Scale and boundary issues
For a very small number of indicators, city level data was unavailable. In these cases we collected data from provincial sources. To normalize the data collected from this larger sample we took the total population of a given city as a percentage of the total population of the broader area, and then multiplied the data collected from the broader area against the percentage that the city represented.
When data was not available for youth aged 15-29 we used a weighting system to allow us to use data from differently defined groups. For example, if population data was not available for youth aged 15 to 29 but was available for 15 to 24 years and 25 to 34 years, we used the 15 to 24 years data, and half of the total data from 25 to 34 years.
Hierarchy of data credibility
Primary and secondary data was collected from a number of sources. YouthfulCities collected primary data by talking to key sources in person, by email and by telephone. Secondary data collection was done largely through online research. Our sources include census reports, municipal offices and websites, non-governmental organizations, academic sources (e.g. journal articles, development indexes and reports) and other online sources (e.g. crowdsourcing sites like expatistan.com).
Ranking the YouthfulCities Global Index data
Once all data is normalized, the cities in the YouthfulCities Canadian Index are ranked using a scoring system that takes the normalized data from each of the 121 indicators and translates every data point into weighted scores via the following:
• For each indicator we have decided if a high number or a low number is the most desirable for youth. For example:
• In the number of entrepreneurship incubators indicator, a higher number of entrepreneurship incubators wins; versus,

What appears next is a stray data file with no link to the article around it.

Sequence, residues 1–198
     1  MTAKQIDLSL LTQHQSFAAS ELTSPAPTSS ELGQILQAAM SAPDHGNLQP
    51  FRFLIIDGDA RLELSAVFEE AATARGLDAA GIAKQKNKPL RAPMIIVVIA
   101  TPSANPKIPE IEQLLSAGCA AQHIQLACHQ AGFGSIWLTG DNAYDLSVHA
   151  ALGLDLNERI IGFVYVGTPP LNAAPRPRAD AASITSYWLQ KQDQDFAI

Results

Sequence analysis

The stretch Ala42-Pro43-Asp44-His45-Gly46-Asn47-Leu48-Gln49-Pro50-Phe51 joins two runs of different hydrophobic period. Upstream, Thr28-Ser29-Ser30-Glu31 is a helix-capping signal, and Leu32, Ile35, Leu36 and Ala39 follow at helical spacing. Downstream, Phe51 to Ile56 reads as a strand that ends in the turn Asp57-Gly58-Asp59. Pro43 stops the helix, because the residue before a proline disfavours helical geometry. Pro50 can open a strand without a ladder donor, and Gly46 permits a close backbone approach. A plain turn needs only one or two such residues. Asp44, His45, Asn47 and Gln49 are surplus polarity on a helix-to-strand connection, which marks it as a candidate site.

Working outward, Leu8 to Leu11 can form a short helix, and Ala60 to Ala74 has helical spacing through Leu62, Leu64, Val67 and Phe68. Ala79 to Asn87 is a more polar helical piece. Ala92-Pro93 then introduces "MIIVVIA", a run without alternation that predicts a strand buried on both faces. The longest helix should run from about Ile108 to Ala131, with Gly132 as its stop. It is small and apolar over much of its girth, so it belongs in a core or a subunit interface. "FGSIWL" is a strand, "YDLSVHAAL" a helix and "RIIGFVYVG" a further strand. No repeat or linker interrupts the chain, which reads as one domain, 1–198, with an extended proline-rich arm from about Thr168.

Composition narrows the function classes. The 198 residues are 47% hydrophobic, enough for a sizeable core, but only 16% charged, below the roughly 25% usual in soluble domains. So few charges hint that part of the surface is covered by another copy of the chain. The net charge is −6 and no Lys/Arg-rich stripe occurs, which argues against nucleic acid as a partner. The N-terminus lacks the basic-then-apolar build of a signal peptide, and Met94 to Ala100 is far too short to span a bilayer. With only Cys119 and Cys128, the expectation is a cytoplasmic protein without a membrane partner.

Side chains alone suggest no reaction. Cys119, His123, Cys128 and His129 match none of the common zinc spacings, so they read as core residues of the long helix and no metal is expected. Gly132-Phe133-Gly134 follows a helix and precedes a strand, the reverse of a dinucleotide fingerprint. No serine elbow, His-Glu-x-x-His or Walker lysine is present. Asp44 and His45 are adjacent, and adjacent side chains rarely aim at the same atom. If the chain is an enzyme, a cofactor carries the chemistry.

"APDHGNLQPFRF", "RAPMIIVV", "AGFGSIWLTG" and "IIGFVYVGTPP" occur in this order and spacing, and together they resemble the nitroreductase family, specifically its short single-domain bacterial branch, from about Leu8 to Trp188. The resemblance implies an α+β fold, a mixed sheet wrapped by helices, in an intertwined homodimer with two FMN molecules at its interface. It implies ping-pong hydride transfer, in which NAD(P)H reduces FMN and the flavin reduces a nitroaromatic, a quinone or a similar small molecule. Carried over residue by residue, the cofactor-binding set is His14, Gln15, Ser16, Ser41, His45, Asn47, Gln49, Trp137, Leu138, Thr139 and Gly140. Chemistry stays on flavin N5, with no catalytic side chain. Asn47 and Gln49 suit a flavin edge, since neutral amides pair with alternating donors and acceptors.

• In the youth unemployment indicator, a lower youth unemployment rate wins.
• Raw scores are then linearly scaled into points from 0 to 100 where the best score becomes 100 points and the worst score becomes 0 points:
• For high number indicators the highest number gains 100 points for that city.
• For low number indicators the lowest number gains 100 points for that city.
• Each city’s points are then translated into weighted scores based on the importance rankings determined for each urban attribute.
Importance rankings come from the 2014 Urban Attitudes Survey, which measured the average importance of the attributes for youth. Values listed are out of 10. Cities’ overall scores and rankings The overall index scores result from summing the average of the indicator scores across each Urban Attribute. For example, the Transit Attribute is made up of 8 indicators. Each city gets a score for each indicator in the Transit Attribute. The average of these 10 indicator scores makes up the Attribute score. All 20 Attribute scores are summed in order to determine a city’s overall score and rank.
While reliable, robust and defensible data is available for the overwhelming majority of our indicators across all 13 cities, in an extreme minority of cases (<2%) reliable data simply does not exist. Where data does not exist we take a national average in order to assign a score. Obtaining reliable and comparable data for the 13 cities is the most difficult part of the YouthfulCities Index process. We want to be as representative as possible in the data that we employ. If you feel you have a better way of measuring cities from a youth perspective, we want to hear from you!